If shooting and wrestling can lead the charge at the Gold Coast Commonwealth Games, backed up by the promise of others in the 218-member contingent, India could be in with a chance to finish among the top three
The Commonwealth Games (CWG) is one multi-discipline competition where India often sits pretty in the medals tally. A consistent top-10 finish since 1958, and 50 or more medals in every edition since 2002, stand testimony to that. These numbers are reason enough to be buoyant about the country’s medal prospects at the 2018 games that began in Gold Coast, Australia, on Wednesday.
CWG 2010 in Delhi saw the hosts breaching the century mark (101) in the medals tally. Four years later, in Glasgow, the total fell way short (64)—still India finished fifth overall. If shooting and wrestling can lead the charge once again in Gold Coast, backed up by the promise of others in the 218-member contingent, India could be in with a chance to finish among the top 3.
The chief hopes will be Sushil Kumar and Sakshi Malik (wrestling), Jitu Rai and Gagan Narang (shooting), P.V. Sindhu and Saina Nehwal (badminton) and M.C. Mary Kom (boxing). Youngsters Manu Bhaker (shooting), Neeraj Chopra (javelin throw), Pranaav Jerry Chopra and N. Sikki Reddy (badminton), Tejaswin Shankar (high jump), Arpinder Singh (triple jump) and many others have earned themselves the opportunity to establish their status as global stars.
But when 71 nations fight for 275 gold medals across 18 sports, it’s never easy to finish among the top 3 spots—often shared between Australia, England and Canada over the years, with India’s second-place finish in 2010 coming on the back of home-turf advantage.
A two-time Olympic medallist and gold-medal winner from the last two CWGs, Sushil Kumar (74kg) is a strong contender for a golden hat-trick. Hopes of a top-place finish can also be pinned on Bajrang Punia (65kg), who won a silver at the 2014 Glasgow games (in the 61kg category).
Among the women, Vinesh Phogat (50kg) and Babita Kumari (53kg) may have moved to different weight categories but they would want to hang on to the golds they won in Glasgow. Rio Olympics bronze medallist Malik (62kg) also figures on the list of India’s expected gold medalists.
India’s main competition may come from the Canadian and Nigerian wrestlers in the women’s category.
Excluded from the 2022 Games, shooting could be making its last CWG appearance, evoking mixed feelings in Indian shooters who have historically led India’s gold rush. It’s for India to continue that trend, as the recent senior and junior International Shooting Sport Federation (ISSF) World Cup results indicated. In Jitu Rai, Heena Sidhu, Gagan Narang and Manavjit Singh Sandhu, India have the experience, while the young blood comprises teen sensations Bhaker and Mehuli Ghosh, along with Apurvi Chandela.
Vikas Krishan (75kg) and Manoj Kumar (69kg) will carry India’s hopes in men’s boxing, while Mary Kom (48kg) won’t be expected to return with anything less than a gold. Kom, who couldn’t qualify for the 2016 Rio Olympic, would want to put that behind her with a top-place finish in Gold Coast, especially in the absence of her nemesis, England’s Nicola Adams who has turned pro. After a short stint in professional boxing, the experienced Sarita Devi (60kg) is making a return to the amateur arena alongside the promising Pinki Rani (51kg).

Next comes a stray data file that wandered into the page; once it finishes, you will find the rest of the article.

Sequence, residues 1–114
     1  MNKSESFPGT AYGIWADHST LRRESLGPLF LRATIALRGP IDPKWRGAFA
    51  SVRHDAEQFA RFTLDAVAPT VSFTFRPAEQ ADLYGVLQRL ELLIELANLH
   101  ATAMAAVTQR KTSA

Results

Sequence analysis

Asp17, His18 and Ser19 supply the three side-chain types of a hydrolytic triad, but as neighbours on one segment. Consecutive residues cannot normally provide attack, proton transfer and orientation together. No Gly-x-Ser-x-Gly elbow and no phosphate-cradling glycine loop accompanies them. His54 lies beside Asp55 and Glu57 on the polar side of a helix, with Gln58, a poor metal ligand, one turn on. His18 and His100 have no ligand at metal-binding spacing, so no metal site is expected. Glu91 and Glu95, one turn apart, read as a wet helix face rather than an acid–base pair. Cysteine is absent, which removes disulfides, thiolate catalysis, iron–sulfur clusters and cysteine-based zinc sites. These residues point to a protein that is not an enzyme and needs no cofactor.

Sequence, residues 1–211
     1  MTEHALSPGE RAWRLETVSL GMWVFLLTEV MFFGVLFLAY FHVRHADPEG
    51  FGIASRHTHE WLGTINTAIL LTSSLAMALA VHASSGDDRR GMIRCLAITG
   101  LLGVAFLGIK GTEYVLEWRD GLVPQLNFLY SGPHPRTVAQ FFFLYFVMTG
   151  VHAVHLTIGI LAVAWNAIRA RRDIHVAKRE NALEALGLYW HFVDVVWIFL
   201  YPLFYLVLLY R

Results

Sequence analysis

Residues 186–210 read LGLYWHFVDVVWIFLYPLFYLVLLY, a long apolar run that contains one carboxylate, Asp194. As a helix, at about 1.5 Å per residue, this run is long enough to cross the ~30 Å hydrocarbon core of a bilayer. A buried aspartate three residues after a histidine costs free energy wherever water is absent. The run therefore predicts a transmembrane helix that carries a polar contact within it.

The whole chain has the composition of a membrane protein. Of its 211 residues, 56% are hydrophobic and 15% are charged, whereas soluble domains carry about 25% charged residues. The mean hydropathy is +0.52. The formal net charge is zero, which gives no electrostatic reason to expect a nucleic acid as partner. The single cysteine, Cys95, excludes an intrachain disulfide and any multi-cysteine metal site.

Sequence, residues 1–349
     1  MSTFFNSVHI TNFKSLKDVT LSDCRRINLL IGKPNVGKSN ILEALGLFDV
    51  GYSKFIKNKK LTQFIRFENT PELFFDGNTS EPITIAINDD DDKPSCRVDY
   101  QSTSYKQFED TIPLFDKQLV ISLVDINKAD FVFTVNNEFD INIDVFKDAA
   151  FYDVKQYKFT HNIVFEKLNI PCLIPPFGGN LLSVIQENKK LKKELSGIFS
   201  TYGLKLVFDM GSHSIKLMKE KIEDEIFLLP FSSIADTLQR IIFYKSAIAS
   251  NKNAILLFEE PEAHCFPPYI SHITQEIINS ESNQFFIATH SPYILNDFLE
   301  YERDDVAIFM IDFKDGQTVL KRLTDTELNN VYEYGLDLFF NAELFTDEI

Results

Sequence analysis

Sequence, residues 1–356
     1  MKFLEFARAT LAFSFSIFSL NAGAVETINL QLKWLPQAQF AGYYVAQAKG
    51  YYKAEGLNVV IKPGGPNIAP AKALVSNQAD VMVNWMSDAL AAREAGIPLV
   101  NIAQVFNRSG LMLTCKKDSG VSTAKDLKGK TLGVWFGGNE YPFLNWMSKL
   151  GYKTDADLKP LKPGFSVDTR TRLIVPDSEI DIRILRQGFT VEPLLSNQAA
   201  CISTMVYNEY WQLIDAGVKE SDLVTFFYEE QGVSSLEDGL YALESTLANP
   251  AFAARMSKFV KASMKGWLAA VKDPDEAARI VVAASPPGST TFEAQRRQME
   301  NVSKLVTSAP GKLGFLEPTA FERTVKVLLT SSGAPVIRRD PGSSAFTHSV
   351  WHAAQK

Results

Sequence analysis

Sindhu, Nehwal and Kidambi Srikanth will lead India’s challenge on the badminton courts. World No.3 Sindhu and world No.2 Srikanth, who have made rapid strides since the last CWG edition, are among the leading contenders for gold. The focus will also be on the mixed doubles pair of Chopra and Reddy, who have a good chance of bagging India’s first medal in mixed doubles. If they can go past the Malaysian teams, it could well be gold.
With 2017 Commonwealth Weightlifting Championship winners Sathish Sivalingam (77kg), Ragala Rahul (85 kg) and Pardeep Singh (105kg) in the men’s squad and Mirabai Chanu (48kg) leading the women, India could see a historic haul in Gold Coast.
While Sivalingam also won gold in 2014, Mirabai became the toast of the nation when she won the 2017 world championship in the US with a world record total lift of 194kg. If she can repeat that performance, the gold is hers for the taking. Expectations are also high from Sanjita Chanu (53kg), who, along with Mirabai, won gold at the Commonwealth Weightlifting Championships last year. Sanjita also won the 48kg gold at the 2014 games.
CWG debutant javelin-thrower Chopra will be required to provide the spark for India’s track-and-field athletes as the Haryana man is expected to build on his growing reputation. There are also high hopes from teenage high-jumper Tejaswin Shankar, discus-thrower Seema Punia and triple jumper Arpinder Singh.
Consecutive silver medals in the 2010 and 2014 men’s hockey event have added muscle to India’s chances at the CWG. However, their nemesis Australia, whom they lost to in the final both times, will be even more motivated as hosts and may yet again prove to be India’s biggest hurdle.
The women’s team, enjoying its best-ever rank (world No.10), is looking good under new coach Harendra Singh but will need to pull out all the stops for a podium finish.